It has been all Jindal all the time since this past weekend no matter where you turn. First, check out his appearance on Meet the Press where he explains why he is going to refuse (some of) Obama’s stimulus money that was bound for his peeps in Louisiana:
Later tonight he will be giving the official Republican rebuttal to Obama’s unofficial State of the Union speech. The Republican party is clearly positioning him as the face of the opposition going in to 2012. The question I want to examine in this post is very narrow. “Is Jindal’s early visible opposition to a popular President and his rejection of money for his state going to help or hurt his presidential ambitions?” I say it will ultimately hurt him and below are the reasons why.
First let’s look at the players lining up for a shot at Obama in 2012. I believe they fall into two categories: traditionalists and pragmatists. Right now the prominent folks in the traditionalist camp include Jindal, Steele, Palin, Sanford, and Romney. In the pragmatist camp you have fewer folks like Florida governor Crist and Utah governor Huntsman. The traditionalists believe that the way to win back the White House in 2012 is to be “more Republican” and go out of your way to say that your opponents are socialists and that you will fight them with your dying breath. They believe if Republicans are true to their “ideals” (whatever those are) they will take power once again because Americans like those ideals. They ignore the passion with which their own party flung aside those ideals for at least the last eight years. Crist and Huntsman are taking the other approach. They are visibly cooperating with Obama and welcome the stimulus money for their state even if they are vilified by the mainstream Republican establishment. Like Obama, in public they say that they favor data driven solutions over partisan idealogy.
So let’s go back to Jindal now. He has thus far made two long term strategic mistakes (in my opinion) if his intention was to win the White House:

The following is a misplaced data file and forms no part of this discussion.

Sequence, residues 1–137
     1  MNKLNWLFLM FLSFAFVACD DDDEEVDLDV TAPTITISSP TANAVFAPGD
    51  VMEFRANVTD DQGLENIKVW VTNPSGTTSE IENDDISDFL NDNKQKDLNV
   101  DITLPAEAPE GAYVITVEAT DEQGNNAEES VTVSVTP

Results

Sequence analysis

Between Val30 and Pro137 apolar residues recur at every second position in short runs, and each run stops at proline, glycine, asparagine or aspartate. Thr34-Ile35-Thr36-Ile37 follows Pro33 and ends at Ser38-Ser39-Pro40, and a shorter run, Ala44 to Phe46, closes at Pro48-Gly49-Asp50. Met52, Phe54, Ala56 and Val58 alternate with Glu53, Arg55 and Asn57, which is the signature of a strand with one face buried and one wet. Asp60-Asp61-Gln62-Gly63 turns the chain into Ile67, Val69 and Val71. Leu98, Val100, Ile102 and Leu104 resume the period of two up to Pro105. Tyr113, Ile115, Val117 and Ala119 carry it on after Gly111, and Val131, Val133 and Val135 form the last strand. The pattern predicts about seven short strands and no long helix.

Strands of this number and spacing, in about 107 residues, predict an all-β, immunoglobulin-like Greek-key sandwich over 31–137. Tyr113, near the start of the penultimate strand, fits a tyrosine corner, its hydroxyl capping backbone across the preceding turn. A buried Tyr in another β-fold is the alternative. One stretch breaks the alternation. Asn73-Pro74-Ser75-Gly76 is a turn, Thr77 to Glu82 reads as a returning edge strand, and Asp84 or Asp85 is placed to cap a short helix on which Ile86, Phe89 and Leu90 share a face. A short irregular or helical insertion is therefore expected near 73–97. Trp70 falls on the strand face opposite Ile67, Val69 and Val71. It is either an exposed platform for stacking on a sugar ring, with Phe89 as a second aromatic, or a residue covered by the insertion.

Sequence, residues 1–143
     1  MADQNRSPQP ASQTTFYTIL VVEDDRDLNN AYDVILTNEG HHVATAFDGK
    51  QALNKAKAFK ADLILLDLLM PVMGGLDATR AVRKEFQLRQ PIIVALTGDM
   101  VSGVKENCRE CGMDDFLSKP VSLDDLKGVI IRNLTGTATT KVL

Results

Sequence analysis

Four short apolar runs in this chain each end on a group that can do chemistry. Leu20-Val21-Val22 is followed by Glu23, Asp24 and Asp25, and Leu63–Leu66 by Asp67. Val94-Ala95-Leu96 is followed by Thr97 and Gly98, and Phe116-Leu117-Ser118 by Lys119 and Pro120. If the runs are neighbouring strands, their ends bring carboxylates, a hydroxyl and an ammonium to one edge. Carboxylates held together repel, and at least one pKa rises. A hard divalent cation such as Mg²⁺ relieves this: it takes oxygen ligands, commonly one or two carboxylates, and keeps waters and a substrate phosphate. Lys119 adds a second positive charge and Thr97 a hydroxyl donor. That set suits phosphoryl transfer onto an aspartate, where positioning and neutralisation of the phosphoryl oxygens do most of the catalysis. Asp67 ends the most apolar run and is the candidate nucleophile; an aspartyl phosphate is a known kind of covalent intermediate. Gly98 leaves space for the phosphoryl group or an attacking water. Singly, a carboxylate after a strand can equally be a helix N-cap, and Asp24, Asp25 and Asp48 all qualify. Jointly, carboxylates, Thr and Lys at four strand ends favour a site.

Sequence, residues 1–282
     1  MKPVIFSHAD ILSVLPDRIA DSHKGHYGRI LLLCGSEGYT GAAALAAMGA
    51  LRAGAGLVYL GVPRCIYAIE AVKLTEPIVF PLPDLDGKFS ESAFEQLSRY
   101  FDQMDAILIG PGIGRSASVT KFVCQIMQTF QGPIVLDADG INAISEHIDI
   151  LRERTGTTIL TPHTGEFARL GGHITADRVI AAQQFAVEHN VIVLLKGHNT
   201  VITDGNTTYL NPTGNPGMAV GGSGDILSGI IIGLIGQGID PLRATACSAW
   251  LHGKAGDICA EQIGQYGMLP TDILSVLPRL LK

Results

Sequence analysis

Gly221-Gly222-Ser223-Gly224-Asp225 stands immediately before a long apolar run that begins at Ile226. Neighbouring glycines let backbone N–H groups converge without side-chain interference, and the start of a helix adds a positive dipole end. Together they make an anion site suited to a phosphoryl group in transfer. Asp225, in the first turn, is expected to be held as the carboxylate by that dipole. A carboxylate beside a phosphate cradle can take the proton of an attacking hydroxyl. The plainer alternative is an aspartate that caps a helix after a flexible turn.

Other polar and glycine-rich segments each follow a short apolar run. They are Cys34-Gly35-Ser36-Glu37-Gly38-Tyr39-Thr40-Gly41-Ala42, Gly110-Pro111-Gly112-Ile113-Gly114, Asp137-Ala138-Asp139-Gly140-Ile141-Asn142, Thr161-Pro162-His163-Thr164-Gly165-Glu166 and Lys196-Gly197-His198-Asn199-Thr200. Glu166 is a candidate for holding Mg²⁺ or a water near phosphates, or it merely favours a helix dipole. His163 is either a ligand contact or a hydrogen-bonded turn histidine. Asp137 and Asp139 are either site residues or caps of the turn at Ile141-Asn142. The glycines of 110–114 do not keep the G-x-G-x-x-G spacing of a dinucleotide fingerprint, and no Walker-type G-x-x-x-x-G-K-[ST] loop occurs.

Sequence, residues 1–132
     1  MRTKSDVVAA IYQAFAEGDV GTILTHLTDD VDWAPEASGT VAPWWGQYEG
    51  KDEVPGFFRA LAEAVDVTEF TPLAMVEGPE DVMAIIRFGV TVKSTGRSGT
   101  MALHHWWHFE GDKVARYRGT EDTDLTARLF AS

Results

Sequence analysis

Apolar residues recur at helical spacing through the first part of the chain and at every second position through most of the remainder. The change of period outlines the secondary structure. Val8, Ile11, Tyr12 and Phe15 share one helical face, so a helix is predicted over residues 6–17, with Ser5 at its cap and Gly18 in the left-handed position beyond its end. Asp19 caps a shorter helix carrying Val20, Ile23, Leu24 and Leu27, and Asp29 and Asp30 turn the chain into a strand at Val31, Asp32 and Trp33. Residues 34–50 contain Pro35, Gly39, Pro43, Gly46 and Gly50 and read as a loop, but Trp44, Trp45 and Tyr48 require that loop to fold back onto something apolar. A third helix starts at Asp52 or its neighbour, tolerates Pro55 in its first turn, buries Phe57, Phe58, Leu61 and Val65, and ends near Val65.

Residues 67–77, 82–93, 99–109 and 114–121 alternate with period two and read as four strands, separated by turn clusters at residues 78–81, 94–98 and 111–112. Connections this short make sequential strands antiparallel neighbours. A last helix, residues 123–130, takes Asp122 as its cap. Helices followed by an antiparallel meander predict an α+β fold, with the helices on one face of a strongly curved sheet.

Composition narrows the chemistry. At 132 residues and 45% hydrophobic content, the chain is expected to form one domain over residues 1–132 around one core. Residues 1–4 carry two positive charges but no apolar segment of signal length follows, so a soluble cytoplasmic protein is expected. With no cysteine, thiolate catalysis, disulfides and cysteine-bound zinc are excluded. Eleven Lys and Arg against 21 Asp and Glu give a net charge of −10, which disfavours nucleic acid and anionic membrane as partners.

1) He has come out of stealth mode too early and made himself a target…for everyone. Obama and the Dems will make an example out of the obstructionist Jindal. They will claim he is putting his presidential aspirations above the people of his state. New Orleans mayor Ray Nagin already said so. Some of his future Republican opponents will also begin to backstab him as the frontrunner they want to roll past.
He is only 37 years old. He should have slow-played his strong hand by waiting until 2010 to see how Obama’s stimulus strategy worked and then making his move if it didn’t work well or waiting until 2016 if it did. In poker terms, he is going all-in before the flop and everyone on the table knows his “tell.”
2) He’s leaves himself wide-open to be labeled as a flip-flopper or a hypocrite. This is similar to how Sarah Palin said she did not accept money for the “Bridge to Nowhere,” except that she did.
Clyburn went on to accuse the 37-year-old GOP phenom of post-Katrina hypocrisy:
“In the wake of a natural disaster after Hurricane Katrina devastated the Gulf Coast in 2005, then-Congressman Jindal cosponsored and supported legislation to expand unemployment benefits and inject federal dollars into Louisiana’s unemployment trust fund. Yet today in the face of a financial disaster and record unemployment, he opposes similar action under the American Recovery and Reinvestment Act. What changed?”
“That’s why there is a provision in the law to allow state legislatures to draw down funding under the American Recovery and Reinvestment Act by concurrent resolution if their governor doesn’t act within 45 days. I’ve spoken to legislative leaders from South Carolina, Louisiana and Mississippi whose constituents are in desperate need of fiscal stimulus–these leaders don’t plan to leave any money on the table.” [Link]
p>Crist and Hunstman come away from all this looking pretty good. They are separating themselves from the Republican pack (especially the unpopular D.C. Republican pack) by publicly cooperating with Obama. Americans love cooperators. They also have left plenty of room to come back and say that Obama had the right strategy but a flawed execution and that they could do better.
In short, I think Jindal should re-think his strategy and take it down a notch if the boy wonder hopes to ever win the White House. Right now I would bet against him.